In this post, we look at yet another tool in Google’s massive open source trove: Asylo.
The word Asylo translates to shelter, asylum, or sanctuary in Greek. Security is exactly what Asylo is concerned with.
What Exactly is Asylo?
Asylo is an open and flexible framework and Software Development Kit (SDK) for building portable applications that run in a Trusted Execution Environment (TEE) or “enclave” provided by software or hardware. Asylo provides containers, an API, libraries and other essential tools that make it easy for developers to build confidential computing applications. Before we continue, we must look at what the terms confidential computing and Trusted Execution Environment mean.
Confidential computing, in simple terms, refers to special efforts to protect data both at rest and while in use. Such security efforts are made possible through a Trusted Execution Environment. A trusted execution environment is an isolated, secure part of a main processor and it is separate from the main operating system. It is more secure than the user-facing OS and utilizes both hardware and software in protecting data.
TEEs ensure data is secure from attackers with administrative privileges or even access to physical hardware on which data lives. Hence, TEEs mitigate the risk of data theft when an unauthorized entity exploits bugs in the underlying operating system. Applications that run in Trusted Execution Environments still have access to a device’s processor and memory.
Some technologies that support TEE implementations include AMD’s Platform Security Processor (PSP), Intel’s SGX Software Guard Extensions, ARM’s TrustZone, and Sequitur Labs’ CoreTEE. You probably have interfaced with a TEE in some way, as it is present in many payment services. Samsung devices that support Samsung Pay utilize TEEs in securing transactions.
The Asylo Architecture
Image source: https://asylo.dev/about/overview.html
Asylo provides several unique benefits while allowing developers to run trusted applications in untrusted environments without the associated risk. These benefits range from ease of use, portability (easily switch backends), and broader access to confidential computing for everyone by keeping the Asylo project open source.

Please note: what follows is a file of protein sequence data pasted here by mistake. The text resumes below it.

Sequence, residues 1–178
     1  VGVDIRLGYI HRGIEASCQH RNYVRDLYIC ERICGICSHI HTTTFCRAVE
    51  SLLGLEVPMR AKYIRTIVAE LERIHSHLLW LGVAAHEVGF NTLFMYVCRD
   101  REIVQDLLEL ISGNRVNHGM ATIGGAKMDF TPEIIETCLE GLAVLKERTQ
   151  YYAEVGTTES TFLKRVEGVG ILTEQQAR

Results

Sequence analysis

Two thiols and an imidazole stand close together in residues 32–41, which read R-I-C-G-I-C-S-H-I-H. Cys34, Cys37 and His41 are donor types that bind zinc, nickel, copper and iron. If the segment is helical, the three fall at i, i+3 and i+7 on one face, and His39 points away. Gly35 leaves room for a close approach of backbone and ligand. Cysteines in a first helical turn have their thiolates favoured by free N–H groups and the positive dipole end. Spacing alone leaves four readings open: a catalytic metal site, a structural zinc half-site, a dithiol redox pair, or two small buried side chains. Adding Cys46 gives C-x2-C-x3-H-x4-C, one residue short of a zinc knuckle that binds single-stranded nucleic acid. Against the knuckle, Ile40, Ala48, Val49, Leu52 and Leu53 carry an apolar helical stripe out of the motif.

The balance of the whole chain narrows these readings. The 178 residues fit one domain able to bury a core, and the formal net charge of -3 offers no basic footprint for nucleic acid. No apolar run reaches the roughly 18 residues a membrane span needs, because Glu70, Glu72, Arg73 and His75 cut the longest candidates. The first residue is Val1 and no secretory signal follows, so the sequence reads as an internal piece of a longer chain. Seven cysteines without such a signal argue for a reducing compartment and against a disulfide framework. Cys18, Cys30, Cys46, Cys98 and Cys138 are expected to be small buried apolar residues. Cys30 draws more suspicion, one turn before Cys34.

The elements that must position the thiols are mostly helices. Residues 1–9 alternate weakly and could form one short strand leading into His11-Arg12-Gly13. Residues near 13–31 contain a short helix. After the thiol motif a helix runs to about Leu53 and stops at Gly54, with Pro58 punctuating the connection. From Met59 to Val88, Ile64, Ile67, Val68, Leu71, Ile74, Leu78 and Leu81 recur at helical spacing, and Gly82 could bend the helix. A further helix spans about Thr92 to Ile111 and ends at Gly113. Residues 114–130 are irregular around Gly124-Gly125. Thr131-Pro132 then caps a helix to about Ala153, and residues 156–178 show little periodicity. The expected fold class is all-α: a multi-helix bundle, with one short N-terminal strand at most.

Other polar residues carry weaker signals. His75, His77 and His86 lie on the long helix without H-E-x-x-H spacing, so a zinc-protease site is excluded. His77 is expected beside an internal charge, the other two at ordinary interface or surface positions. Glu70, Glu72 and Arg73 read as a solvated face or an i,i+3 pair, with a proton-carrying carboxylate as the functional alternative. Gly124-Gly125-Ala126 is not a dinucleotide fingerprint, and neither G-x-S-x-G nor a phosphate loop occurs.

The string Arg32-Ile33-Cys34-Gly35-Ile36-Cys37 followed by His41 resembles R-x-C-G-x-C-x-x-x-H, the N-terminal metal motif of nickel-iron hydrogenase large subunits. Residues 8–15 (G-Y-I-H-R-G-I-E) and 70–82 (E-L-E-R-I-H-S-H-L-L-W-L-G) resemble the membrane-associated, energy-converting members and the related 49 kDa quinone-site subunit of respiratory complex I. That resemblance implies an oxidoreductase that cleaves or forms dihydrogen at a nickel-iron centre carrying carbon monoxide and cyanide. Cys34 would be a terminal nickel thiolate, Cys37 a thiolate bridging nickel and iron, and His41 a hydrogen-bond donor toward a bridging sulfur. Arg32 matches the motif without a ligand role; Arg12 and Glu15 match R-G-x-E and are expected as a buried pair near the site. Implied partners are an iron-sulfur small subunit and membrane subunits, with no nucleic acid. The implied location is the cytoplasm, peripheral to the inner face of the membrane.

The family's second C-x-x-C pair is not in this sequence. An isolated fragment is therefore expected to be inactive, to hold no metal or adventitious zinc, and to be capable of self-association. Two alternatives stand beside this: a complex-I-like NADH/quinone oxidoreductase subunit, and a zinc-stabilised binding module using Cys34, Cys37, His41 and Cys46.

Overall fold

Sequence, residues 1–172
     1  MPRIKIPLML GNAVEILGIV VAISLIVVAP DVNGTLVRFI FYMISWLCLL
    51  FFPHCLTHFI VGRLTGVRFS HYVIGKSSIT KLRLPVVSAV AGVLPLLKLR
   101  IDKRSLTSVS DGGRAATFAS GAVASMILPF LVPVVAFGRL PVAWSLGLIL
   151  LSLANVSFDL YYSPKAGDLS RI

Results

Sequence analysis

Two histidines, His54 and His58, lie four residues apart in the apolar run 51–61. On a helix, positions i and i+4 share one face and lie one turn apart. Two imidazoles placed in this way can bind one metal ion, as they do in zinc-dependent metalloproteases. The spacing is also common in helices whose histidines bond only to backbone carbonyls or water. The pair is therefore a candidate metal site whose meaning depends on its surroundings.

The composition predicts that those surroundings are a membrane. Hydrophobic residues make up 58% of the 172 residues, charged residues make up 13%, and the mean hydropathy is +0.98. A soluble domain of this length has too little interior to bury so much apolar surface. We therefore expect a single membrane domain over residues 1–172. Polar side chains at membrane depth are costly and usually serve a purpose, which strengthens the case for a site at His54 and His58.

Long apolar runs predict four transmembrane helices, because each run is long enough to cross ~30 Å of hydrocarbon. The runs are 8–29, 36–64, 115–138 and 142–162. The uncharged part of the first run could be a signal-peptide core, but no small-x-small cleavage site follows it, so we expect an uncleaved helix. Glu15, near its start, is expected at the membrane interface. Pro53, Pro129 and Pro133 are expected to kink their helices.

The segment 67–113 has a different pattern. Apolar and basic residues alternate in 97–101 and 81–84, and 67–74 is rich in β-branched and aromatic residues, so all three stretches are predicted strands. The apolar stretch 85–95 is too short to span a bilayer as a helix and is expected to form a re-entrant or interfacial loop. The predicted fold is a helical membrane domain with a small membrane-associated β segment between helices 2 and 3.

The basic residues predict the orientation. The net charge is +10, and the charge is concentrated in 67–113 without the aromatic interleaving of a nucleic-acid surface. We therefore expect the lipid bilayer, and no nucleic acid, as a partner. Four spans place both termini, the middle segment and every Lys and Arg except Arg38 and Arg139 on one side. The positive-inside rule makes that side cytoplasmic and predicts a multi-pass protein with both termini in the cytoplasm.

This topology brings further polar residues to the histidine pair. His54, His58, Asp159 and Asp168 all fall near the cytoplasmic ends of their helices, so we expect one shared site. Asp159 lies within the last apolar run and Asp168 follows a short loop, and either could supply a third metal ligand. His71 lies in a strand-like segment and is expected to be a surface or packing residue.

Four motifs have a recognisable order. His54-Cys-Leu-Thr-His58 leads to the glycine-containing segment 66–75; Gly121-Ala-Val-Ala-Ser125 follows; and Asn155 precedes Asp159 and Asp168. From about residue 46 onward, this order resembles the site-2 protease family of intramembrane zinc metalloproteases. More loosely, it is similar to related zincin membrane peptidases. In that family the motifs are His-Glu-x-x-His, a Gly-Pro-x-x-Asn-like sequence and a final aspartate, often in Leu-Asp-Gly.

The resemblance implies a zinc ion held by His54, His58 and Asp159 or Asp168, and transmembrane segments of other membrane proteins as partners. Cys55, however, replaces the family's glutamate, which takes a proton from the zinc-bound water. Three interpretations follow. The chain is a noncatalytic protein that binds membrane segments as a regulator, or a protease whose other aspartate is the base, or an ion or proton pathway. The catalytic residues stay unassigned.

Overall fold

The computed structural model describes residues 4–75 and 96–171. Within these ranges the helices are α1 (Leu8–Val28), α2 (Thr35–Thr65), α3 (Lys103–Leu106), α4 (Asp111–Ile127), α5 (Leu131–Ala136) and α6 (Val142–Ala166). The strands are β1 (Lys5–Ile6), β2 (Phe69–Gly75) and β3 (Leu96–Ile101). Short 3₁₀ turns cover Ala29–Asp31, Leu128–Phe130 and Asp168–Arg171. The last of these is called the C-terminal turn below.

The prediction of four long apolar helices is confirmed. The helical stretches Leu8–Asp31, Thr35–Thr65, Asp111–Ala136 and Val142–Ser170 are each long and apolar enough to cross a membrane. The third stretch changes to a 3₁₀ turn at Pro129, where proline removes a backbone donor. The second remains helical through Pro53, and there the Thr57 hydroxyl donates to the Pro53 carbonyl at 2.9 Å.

TEEs typically have associated hardware dependencies, which become a major barrier to TEE adoption. Hardware dependencies add special knowledge requirements as well. With Asylo, however, the rigmarole of working with TEE hardware is removed, enabling developers to concentrate on only the important security aspects of their applications. The goal is to make it easy to run apps anywhere—from your laptop to the cloud. Support for backends based on hardware technologies such as Intel Software Guard Extensions and AMD’s Secure Encryption Virtualization is currently being explored.
The Asylo website provides all that is necessary to start creating enclave apps, including guides, framework concepts, and the C++ API reference. The guides provide fully working examples that highlight Asylo features. Concepts cover Asylo components and design. Visit the GitHub releases page for the latest build.
With data breaches on the increase, it is imperative to use state-of-the-art security measures to protect data. Traditional security measures are not enough. For this reason, some enterprises haven’t moved to the cloud, even though it may bring numerous benefits. But where traditional security measures end is where Asylo begins. Asylo provides enhanced security and eliminates some obstacles limiting some enterprises from moving to the cloud.